However the Greek right's reasoning is similar to that of the UK government - you can survive austerity if you pump prime business investment with tax cuts aimed at stimulating it.

Of course there is also a cui bono issue here: the small business class and the poverty stricken consumer benefits if VAT is cut, and that is where New Democracy's electoral base lies.

However, right now it is hard to find middle class supporters of the austerity package, because of the size of the hit they are taking both through one-off tax measures and through the crackdown on tax dodging.

So the centre-right's answer is: you rip up the current austerity plan and demand forbearance from the EU; in return the EU gets a lot of cheap assets in a knockdown privatisation sale, assuming the Chinese and the Arab monarchies don't buy it all with cash.

I only bring Osborne and Balls into it for illustration: having emphasised the need to soften spending cuts, Ed Balls last week tried to outflank the UK government by calling for immediate tax cuts.

So even Social Democrats can embrace the tax route to growth within austerity, and there is no reason why Greek Prime Minister George Papandreou, inside a national unity coalition, might not do the same.

What's the alternative?

If you want to pull out of the euro you have to start thinking of the practicalities. During the Irish crisis there was a fabled visit to the Mint by cabinet ministers which provoked rumours that they were there to view what the new Irish punts might look like.

Costas Lapavitsas, the left-wing Soas economics professor who has been pushing inside Greece for the "default and leave" strategy, says there are three problems you need to solve if you leave the euro:

First monetary: you have to shut the banks and ATMs for a week, impose capital controls, and re-open them with new currency.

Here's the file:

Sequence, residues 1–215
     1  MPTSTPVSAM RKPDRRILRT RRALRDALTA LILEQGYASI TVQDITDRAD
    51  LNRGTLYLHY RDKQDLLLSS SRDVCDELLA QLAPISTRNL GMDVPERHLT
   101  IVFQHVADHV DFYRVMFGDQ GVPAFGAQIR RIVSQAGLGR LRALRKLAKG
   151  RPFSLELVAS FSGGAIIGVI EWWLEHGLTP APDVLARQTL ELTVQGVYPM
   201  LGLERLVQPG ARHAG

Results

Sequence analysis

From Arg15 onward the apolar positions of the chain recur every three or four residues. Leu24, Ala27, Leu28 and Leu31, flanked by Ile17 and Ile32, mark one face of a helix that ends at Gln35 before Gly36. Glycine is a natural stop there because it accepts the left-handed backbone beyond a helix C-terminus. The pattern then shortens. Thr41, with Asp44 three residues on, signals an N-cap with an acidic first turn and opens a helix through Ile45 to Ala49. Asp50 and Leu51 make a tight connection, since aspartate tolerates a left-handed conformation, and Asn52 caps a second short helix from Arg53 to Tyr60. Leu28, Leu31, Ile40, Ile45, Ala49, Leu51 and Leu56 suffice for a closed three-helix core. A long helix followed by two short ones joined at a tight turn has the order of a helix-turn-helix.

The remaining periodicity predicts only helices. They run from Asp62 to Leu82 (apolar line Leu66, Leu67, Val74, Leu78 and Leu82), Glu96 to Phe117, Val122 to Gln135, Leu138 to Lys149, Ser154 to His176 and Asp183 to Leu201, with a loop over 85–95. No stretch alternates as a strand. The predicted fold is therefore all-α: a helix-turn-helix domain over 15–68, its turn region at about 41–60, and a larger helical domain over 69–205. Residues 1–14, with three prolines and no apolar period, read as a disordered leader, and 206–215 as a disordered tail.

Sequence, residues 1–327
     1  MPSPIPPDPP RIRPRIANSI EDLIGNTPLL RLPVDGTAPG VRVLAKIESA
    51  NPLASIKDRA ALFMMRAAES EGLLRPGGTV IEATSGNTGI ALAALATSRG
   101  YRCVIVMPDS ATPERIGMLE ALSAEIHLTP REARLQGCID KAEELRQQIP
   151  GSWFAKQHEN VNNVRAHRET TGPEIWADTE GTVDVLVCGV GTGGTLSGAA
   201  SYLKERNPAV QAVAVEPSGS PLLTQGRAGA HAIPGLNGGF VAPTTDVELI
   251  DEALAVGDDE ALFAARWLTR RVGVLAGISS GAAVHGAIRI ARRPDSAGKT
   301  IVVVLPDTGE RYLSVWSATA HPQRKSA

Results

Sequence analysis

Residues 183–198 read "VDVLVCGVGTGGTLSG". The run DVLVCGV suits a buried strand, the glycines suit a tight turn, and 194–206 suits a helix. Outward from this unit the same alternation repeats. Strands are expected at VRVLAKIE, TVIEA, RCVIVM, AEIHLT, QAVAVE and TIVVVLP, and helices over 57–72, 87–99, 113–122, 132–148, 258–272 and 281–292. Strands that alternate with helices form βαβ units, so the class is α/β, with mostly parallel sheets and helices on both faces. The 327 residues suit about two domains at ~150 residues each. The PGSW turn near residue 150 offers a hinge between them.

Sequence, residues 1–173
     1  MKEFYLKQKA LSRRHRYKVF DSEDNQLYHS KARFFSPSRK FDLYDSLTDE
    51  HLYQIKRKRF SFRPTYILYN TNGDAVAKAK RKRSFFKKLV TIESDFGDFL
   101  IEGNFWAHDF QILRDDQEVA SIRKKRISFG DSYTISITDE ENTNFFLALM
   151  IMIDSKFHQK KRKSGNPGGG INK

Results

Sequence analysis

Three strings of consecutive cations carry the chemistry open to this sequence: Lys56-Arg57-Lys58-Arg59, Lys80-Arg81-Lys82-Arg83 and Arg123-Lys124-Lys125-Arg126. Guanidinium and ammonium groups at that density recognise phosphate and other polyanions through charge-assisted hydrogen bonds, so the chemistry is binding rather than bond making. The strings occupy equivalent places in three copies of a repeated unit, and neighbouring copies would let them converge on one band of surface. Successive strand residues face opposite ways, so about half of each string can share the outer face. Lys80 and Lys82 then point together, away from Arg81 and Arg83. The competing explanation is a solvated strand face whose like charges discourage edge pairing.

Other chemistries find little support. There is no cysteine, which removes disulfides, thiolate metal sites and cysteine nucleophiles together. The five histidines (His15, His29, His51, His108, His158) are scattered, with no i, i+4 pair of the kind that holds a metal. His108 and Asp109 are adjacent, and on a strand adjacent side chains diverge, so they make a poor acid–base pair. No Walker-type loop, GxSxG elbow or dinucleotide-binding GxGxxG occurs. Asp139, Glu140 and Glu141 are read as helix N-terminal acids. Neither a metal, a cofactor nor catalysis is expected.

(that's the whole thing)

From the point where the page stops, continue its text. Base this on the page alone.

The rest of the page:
Second, you have to avoid a simultaneous banking crisis or bank run: so you need to nationalise and rationalise the banks. This of course can only be done with some help from the EU or IMF, or some other body, and they are not currently in a mood to do that. On the morrow of a default and amidst a euro-wide banking crisis they may feel differently.

Finally there is a trade problem. What you want is a massive boost to trade from the devaluation, but short term you have no reserves of your own currency and no liquidity so you have to design measures to keep trade alive; meanwhile you probably have to impose price and supply controls on food, energy and gasoline.

Putting it like this, what a default/euro exit looks like is really bad: closed banks and ATMs, price controls and rationing, outright bank nationalisation. And that is before we even discuss contagion.

That's why everybody is trying to avoid it.

We'll see today what the Pasok version of Plan B is: Minister Venizelos is to introduce his "changes" to the plan on Thursday afternoon. With a five seat majority in the Greek parliament, the unspoken assumption in Europe is that whatever the parliament approves cannot be executed this side of a big crisis and a national unity government.

Contemplation of some of the facts above is what's making some EU politicians, above all Manuel Barrosso, begin talking about a "Marshall Plan" for Greece. It is getting harder and harder to see how it survives without one; but also hard to see who pays for a Marshall Plan.